Down, but not out
The challenge for the McCain campaign in Virginia will be winning new converts and countering Obama’s formidable organisation on the ground. V Krishna reports. Special: US Elections 2008world Updated: Oct 19, 2008 23:36 IST
“Red since 1964,” says a sign bearing a map of Virginia held by a partisan on Saturday at the Sean T. Connaughton Community Plaza in this bedroom community just outside Washington, D.C. But the polls point to a strong possibility that the state could break with that tradition in this presidential race. Democrat Barack Obama leads Republican John McCain by eight points in the RealClearPolitics average of the most recent surveys.
McCain, who cannot afford to lose Virginia, is coming here in the afternoon to rally the faithful.
And faithful they are. “John McCain has spent his entire adult life serving his country,” says a man who would identify himself only as John from Virginia.
Judy Zoll of nearby Manassas believes “in everything McCain stands for.” On his tax policies, she says, “The people who work hard get to keep what they earn — it’s the American dream.”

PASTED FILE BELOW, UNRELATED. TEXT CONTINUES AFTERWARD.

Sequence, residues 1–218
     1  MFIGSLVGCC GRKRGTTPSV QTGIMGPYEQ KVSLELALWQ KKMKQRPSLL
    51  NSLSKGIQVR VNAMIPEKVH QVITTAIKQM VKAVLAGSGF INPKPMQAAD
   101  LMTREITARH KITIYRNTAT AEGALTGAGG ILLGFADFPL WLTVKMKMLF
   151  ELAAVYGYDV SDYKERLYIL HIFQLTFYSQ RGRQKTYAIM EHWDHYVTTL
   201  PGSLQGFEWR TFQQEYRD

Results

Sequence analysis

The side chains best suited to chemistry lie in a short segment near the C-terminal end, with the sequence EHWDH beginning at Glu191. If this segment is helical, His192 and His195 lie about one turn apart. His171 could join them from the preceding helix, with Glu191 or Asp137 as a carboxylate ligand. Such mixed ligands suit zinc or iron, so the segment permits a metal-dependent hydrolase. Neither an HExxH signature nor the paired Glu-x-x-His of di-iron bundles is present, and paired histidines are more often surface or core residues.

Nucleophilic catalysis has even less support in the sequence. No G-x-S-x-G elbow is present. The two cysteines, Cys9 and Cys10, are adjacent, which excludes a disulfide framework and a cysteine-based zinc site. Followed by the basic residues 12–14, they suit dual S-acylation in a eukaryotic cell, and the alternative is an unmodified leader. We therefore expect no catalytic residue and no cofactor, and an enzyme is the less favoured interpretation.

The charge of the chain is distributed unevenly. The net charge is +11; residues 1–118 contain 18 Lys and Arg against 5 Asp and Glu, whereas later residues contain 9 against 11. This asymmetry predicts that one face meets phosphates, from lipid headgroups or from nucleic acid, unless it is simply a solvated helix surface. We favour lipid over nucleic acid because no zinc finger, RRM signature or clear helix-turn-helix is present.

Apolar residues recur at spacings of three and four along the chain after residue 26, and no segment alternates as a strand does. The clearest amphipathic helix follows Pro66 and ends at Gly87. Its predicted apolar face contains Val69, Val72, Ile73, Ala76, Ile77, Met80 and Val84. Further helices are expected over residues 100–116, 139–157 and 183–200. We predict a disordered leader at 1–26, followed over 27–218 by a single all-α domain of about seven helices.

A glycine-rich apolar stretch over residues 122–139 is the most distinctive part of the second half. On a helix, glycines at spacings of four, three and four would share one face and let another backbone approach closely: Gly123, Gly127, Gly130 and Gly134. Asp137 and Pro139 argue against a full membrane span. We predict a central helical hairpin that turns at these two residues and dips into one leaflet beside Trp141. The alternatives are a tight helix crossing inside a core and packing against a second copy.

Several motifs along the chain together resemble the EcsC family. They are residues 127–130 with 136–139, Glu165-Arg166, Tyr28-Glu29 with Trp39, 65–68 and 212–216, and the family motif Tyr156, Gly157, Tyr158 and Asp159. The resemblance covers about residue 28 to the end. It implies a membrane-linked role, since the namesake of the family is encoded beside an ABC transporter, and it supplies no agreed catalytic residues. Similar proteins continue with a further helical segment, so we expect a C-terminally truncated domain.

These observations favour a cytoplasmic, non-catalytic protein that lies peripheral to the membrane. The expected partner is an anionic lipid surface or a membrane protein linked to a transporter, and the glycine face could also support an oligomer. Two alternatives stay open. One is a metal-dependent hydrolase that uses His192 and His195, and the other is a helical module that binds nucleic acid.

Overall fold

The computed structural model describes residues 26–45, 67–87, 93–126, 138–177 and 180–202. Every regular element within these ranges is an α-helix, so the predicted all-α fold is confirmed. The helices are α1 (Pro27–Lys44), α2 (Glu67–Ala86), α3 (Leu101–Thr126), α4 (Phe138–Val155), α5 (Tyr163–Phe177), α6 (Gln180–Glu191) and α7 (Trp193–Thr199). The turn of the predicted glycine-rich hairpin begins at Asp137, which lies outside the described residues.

The crowd of a few thousand includes only a handful of people of colour. According to the 2000 census, nearly one in four residents of Woodbridge is African American, one in five Hispanic and one in 20 Asian.
The placards reflect the themes of the campaign: “No Redistribution,” “Record over Rhetoric,” “America Needs Experience” and so on. Several refer to Joe the Plumber, the Ohio man whose conversation with Obama, McCain used to raise fears that the Democrat will raise taxes to spread the wealth.
McCain arrives about 3:20 to a loud welcome. “It’s great to be here in the Commonwealth of Virginia,” he says. “It’s a must-win state.”
“Obama’s economic goal, as he told Joe, is to ‘spread the wealth around,’” McCain says. “He believes in redistributing wealth, not in policies that grow our economy and create jobs and opportunities for all Americans.” The speech, along familiar lines, plays well — as expected.
“I lived in a communist country, Cuba,” says Mireya Hayes, a realtor married to a retired US Army man. “Castro started like a young, innovative man of the people and he ended up as a communist. That’s what I fear —that we are on our way to becoming a socialist country if Obama wins.”
Christopher Wallace, a retired US Army lieutenant colonel who now works for a government contractor, says McCain has shown good judgment, even on economic issues like the housing bubble. His wife Faye Wallace — nee Ferreira, from Mumbai — says, “McCain has the wisdom and the experience. Obama doesn’t have the experience.”
The challenge for the McCain campaign will be winning new converts and countering Obama’s formidable organisation on the ground.